Let’s say you have just finished picking out something such as a new smartphone, a refrigerator, or a car. Doesn’t it feel good? All of that weight that’s been on you as you try to make what you think is an informed decision based on your hasty research and the salesperson’s rapid jargon almost immediately leaves your shoulders just as soon as you utter a derivation of the words, “I’ll take it.” But alas, your relief is short lived. That ever so friendly salesperson has one more devious question at their disposal: "Would you like the extended warranty?" Oh, the humanity!
Personally, I’ve always been inconsistent on extended warranties. Sometimes I go with them, sometimes I don’t. My general rule of thumb has been if it is really expensive or if there is a pretty good chance that I can mess it up, I go with the extended warranty. If it’s not that expensive of a gadget or gizmo, it’s really good quality, or I think there is a pretty good chance I can protect it, I usually don’t. So when someone recently asked me to weigh in on whether extended warranties are a good financial investment or not, I had some work to do, and I’d like to share what I found.
First of all, let’s call a spade a spade. An extended warranty is nothing more than a bet
. If we were talking about the Dallas Cowboys and you asked me if you should make a bet on their game this week, the answer is maybe. You might bet correctly, and then of course it was a good idea to bet, or you might bet incorrectly, and then of course it was a terrible idea for you to bet. Only time will tell! Extended warranties are just like bets, only we’re talking about the Whirlpool Front-Load Washers, not the Dallas Cowboys.
Based on my research, and now, in my opinion, extended warranties do not seem to often be a good financial investment. Dr. Rajiv Sinha, a professor of marketing at Arizona State University who is currently working on a research paper about warranties seems to put it best when he says, “From a purely economic standpoint, it usually doesn’t make sense to buy an extended warranty, but consumers aren’t always rational. When buying a car, iPad, phone, home, or any expensive item that might break, they are willing to pay for peace of mind.” In a recent U.S. News and World Report article
, Dr. Sinha continues making his case by offering, “Consumers aren’t buying extended warranties for such products because they think they’ll break, but because they’ll feel bad if they do break and didn’t buy the warranty. You wouldn’t expect a washing machine to fail, but if it breaks after a year, you’ll have wished you bought the warranty.” How true are his words? They are somehow profound and obvious at the same time.
Other tidbits I found were...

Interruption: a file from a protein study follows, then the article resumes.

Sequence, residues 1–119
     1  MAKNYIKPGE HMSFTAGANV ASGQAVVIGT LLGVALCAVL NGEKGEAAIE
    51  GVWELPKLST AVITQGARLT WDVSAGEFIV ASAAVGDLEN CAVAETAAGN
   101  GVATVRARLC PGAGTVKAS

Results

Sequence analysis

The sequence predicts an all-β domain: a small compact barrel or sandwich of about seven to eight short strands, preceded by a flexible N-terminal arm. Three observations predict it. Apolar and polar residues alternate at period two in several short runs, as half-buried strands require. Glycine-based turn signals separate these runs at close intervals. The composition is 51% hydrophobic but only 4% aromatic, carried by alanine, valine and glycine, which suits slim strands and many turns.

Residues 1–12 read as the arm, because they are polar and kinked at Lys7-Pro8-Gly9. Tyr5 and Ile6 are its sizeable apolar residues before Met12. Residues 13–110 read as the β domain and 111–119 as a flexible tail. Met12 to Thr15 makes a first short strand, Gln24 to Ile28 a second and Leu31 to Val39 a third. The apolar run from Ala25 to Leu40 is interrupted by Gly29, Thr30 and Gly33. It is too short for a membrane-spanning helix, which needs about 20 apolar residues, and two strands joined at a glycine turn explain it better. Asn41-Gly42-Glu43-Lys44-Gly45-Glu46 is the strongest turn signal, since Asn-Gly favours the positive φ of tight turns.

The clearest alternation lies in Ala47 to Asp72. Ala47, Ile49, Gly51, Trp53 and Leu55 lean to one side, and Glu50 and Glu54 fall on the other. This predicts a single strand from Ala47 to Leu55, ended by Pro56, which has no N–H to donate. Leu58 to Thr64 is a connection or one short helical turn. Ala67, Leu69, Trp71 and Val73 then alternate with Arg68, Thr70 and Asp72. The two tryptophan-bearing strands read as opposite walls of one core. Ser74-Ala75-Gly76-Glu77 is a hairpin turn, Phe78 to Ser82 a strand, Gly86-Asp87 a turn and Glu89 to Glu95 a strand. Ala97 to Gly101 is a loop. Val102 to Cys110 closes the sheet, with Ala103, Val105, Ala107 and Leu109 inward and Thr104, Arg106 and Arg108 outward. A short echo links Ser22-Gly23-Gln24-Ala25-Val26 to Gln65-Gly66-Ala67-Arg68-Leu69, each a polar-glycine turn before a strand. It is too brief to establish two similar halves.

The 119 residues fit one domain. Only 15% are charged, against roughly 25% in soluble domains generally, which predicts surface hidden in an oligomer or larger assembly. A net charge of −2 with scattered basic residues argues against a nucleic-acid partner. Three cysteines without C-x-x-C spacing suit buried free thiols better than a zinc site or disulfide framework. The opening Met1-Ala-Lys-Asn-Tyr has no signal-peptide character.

- If you are buying a typically reliable product from a reliable brand, you likely don’t need an extended warranty. If it’s going to break, the odds are it will happen within the original warranty or return window.
- Laptops and tablets are more likely worth getting warranties on than desktop computers. Their parts are smaller, and they will probably face more wear and tear.
- If the price of an extended warranty is anywhere near the fair market value of whatever widget you are about to purchase, you probably don’t want it. Besides, aren’t you going to want the latest and greatest version that’s faster and more lightweight in a few years anyway?
- Used cars and previously lived in houses may be good items to buy an extended warranty on. No matter what CARFAX or the convincing home inspector tells you, there has got to be a reason someone doesn’t want that car or house anymore; otherwise they’d still be driving it or living in it! Like all warranties, this could be hit or miss, but no one wants to get stuck with a lemon - especially a big one!
- Before you add on an extended warranty, see what basic warranty you are getting. If the product, store, or even your credit card offers you a longer time frame or additional guarantees, you may not need that extended warranty emotionally or financially!
- If you are negotiating something big, such as a house or a car, and you’re close to agreeing on a price, see if you can get a more favorable extended warranty. There is no harm in asking, and as long as you are not paying a lot more than you were already willing to pay, you’re sort of getting an extended peace of mind for free.
So what should you say the next time someone asks you if you want an extended warranty? It depends. I’d listen to your head and consider your wallet or purse, but I’d probably still go with my heart. After all, it’s just a bet - one that I hope you win.